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  5. Lorelei

    My dog child is 55 pounds. I tie him to the spare tire or front frame with a long enough rope to get to the back. I have a cloth, dirt colored shower curtain on the bed, easy to shake out and wash. I give him a light bed thing to sleep on outside if he wants to use it. At night, he takes half the trailer bed. I also have a mat for him to walk across my side of the bed which soaks up water from his feet. He likes to sleep by an open window. When I go to the restroom, I leave him locked in the trailer at night, and he just waits for my return. During the day, I sneak him in the restroom with me. I don’t know why no dogs are allowed, mine doesn’t mess indoors. If the restroom is a long trek, I have a Luggable Loo, so I’m not leaving him. So, he is no problem or challenge. He is not obnoxious and doesn’t bark at people or dogs unless they get pushy and come too close. There’s a lot of dog thievery, so I don’t leave him ever. Non-friendly dog places are the only problem. I take however much dog food in the Xterra and water from home or he can have bottled water. I don’t pile stuff in the trailer, so we can nap wherever.

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  6. Vanessa Roach

    We travel with a 75 lb Labrador Retriever, Luca. Yes, we do agree that traveling with a dog seems easy in theory, but in actuality requires a lot of space and planning.

    We have an ARB awning, with a ARB side tent. This has proved to be a life saver for us. We did try to sleep with Luca in the teardrop with us. On a cold day, it is ok, although we do find that we are always struggling with where to put our feet, and Luca does not really like sliding under the cabinets (this is really the only place he can fit and still give us enough space). On a hot day, it’s unbearable. Luca breathes too heavy and sucks up all my air (LOL). Probably not true, but feels that way.

    It turns out that the best solution for us is to carry a foldable dog kennel, which we transport on our overhead rack on the teardrop. We set up this kennel in the side tent, with Luca’s super comfortable cushy bed inside the kennel. In warm weather, his kennel is just left completely open for airflow and the tent is well vented (it’s essentially an open cage). In cold weather, we wrap his kennel with a 0 degree rated sleeping bag, with a small opening for airflow. We have found that his kennel is actually warmer than the teardrop on those 35 degree overnighters.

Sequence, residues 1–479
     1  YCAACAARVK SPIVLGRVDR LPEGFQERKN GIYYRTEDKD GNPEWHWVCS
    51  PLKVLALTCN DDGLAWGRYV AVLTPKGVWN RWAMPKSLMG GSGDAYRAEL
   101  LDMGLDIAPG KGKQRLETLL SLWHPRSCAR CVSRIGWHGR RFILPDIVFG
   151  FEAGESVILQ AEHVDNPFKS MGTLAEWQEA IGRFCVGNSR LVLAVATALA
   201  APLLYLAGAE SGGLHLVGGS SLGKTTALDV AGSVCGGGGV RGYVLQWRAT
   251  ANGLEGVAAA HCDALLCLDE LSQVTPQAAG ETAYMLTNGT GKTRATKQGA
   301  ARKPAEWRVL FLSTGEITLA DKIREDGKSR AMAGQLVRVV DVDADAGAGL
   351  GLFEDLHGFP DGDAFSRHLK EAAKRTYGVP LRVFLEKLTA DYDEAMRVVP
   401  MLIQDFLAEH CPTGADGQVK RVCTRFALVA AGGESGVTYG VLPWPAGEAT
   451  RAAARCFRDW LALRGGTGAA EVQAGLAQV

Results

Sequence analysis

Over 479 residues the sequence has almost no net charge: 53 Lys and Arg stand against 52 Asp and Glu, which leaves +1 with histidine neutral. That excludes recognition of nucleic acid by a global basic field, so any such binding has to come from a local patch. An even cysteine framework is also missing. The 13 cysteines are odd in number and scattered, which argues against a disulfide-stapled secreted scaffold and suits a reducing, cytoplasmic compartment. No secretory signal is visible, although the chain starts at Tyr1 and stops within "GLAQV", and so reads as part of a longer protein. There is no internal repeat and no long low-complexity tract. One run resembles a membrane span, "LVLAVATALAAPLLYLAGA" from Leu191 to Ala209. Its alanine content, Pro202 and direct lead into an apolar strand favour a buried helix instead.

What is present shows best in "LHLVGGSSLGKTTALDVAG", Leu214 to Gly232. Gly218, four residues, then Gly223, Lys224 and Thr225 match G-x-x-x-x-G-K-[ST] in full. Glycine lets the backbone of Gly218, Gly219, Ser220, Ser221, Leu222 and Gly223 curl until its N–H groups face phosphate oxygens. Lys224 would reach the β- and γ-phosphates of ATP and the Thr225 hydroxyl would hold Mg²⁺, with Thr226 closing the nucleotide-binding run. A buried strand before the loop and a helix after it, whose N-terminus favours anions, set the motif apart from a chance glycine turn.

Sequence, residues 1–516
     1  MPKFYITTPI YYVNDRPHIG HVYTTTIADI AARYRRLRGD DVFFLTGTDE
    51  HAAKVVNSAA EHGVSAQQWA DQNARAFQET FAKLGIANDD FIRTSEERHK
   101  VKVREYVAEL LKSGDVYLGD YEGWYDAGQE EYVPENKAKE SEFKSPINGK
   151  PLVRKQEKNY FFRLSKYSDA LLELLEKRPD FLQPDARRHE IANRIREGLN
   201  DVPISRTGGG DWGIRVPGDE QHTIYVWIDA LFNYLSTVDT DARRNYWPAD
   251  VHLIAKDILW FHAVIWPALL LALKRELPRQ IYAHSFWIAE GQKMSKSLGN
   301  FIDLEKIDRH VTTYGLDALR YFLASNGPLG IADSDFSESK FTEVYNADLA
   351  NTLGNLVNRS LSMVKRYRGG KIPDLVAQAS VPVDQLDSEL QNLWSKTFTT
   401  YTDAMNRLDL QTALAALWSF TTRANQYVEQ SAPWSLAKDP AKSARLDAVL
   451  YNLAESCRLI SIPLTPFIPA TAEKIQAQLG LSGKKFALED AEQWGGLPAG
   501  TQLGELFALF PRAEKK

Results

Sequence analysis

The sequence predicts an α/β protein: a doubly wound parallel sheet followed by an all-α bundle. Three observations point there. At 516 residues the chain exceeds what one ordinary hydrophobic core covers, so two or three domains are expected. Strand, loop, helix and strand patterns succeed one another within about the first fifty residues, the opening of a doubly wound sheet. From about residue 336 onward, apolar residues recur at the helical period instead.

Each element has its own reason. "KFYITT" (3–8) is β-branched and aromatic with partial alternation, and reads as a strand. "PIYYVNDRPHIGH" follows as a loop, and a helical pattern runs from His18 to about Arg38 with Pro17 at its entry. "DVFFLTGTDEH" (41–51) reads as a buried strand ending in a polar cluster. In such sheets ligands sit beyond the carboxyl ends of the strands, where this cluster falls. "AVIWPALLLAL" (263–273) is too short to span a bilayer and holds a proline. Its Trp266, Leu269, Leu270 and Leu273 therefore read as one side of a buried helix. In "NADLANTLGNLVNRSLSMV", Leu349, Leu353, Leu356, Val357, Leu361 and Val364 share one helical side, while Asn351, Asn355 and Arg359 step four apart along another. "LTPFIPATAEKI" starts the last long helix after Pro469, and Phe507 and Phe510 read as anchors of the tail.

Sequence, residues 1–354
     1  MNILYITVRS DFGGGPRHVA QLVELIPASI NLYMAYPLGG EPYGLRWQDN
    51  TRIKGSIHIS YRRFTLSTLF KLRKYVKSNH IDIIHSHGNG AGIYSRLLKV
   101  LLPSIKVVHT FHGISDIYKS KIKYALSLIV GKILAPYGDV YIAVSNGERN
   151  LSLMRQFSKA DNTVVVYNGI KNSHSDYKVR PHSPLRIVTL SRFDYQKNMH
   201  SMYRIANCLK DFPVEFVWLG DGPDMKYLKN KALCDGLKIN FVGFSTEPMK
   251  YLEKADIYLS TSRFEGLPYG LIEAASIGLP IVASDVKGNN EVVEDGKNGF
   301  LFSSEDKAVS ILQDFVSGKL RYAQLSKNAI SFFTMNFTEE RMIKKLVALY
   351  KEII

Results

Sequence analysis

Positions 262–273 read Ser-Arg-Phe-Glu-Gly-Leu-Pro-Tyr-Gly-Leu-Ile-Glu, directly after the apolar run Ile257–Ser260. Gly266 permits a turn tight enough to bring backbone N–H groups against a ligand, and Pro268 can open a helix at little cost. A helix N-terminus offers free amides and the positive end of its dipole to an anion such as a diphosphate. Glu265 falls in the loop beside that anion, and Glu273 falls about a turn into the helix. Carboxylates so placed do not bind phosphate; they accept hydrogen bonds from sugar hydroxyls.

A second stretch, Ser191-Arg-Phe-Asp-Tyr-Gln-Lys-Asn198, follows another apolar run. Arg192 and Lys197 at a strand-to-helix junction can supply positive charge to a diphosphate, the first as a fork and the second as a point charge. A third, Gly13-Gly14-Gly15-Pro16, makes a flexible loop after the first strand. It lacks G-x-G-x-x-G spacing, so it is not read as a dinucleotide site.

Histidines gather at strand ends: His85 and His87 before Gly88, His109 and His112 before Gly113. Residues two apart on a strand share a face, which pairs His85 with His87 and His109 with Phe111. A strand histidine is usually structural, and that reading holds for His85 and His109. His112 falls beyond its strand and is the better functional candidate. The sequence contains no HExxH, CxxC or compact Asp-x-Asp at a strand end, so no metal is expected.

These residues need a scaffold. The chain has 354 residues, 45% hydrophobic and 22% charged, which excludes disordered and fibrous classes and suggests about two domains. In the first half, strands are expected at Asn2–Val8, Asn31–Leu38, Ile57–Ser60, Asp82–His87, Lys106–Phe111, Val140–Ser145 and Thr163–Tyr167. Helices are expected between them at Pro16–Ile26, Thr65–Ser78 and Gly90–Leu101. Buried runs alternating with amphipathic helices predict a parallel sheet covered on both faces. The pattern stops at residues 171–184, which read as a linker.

This works for all of us. Luca loves his kennel (much more than he likes the teardrop) and snuggles up in there nicely. He’s comfy and we’re comfy … not having to sleep with a big stinky dog. I sleep on the side of the teardrop that faces the tent (with my window open) to keep an eye on him, but haven’t really had an occasion to worry … he just goes right to sleep.

    The kennel also serves another purpose. We use the top of the kennel to store our luggage, extra jackets, a camp light, etc. That way we don’t need to keep these things in the teardrop. We use the side tent for changing clothes and we also keep a porta-potty in the side tent for those late night pee needs.

    The only issue we’ve noted so far, is that we need space (width) to deploy the side tent. We always try to get a site that is at least 12-15 ft wide. However, we have had occasions where we haven’t been able to deploy the side tent. In these instances, we make due, but it’s not as convenient and comfortable.

    As for tying down Luca. We have found that he needs to have access to the kitchen area while I’m cooking, or he feels so so lonely. We usually can find a tree (or the picnic table) to tie him to that allows access to the kitchen area, but keeps him from getting to the road. We keep him on a pretty long leash attached to a harness. He has finally learned not to get himself all wrapped up in the awning poles (too many times). However, we do spend some time walking him around things to untangle him. It’s just one of the joys of having a dog (LOL).

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  7. Suzanne Prentis

    I travel alone with a greyhound. Bronco is a good traveller, but camping was new to him. I use a wire tied to the towbar and a suitable tree to make a “run”for him. He has a mattress and his water and bowl outside. On cold nights he sleeps in with me – provides warmth for both of us. He has his coat and rug. I carry extra water and food for him and have been able to leave him for up to couple of hours no worries. (He did find the esky and help himself to his chicken necks and sausages of mine). Toiletting is done with walks as normal. He has learnt to cope with no sofa to sleep on and we enjoy going away – Bronco, me and Crystal the tear drop. Sometimes my daughter joins us, but she prefers to sleep in a swag in the Toyota hilux back. The sacrifices to have him there are worth the times we share by the campfire, meeting people and having adventures.

    Reply